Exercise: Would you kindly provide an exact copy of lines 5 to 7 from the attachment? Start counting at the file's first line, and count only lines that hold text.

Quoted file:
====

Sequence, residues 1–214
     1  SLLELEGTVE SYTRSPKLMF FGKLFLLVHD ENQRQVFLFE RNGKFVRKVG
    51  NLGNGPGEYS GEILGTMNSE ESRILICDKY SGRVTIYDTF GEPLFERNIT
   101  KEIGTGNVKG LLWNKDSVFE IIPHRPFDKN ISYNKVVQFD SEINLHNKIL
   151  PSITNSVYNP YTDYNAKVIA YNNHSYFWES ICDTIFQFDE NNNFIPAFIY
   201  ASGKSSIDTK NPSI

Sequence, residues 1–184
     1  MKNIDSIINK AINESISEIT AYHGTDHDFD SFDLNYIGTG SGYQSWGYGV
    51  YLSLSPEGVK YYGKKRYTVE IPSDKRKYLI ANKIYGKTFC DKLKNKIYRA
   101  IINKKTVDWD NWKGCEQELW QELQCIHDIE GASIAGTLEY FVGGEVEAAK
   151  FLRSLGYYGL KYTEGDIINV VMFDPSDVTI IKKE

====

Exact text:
   151  PSITNSVYNP YTDYNAKVIA YNNHSYFWES ICDTIFQFDE NNNFIPAFIY
   201  ASGKSSIDTK NPSI

Sequence, residues 1–184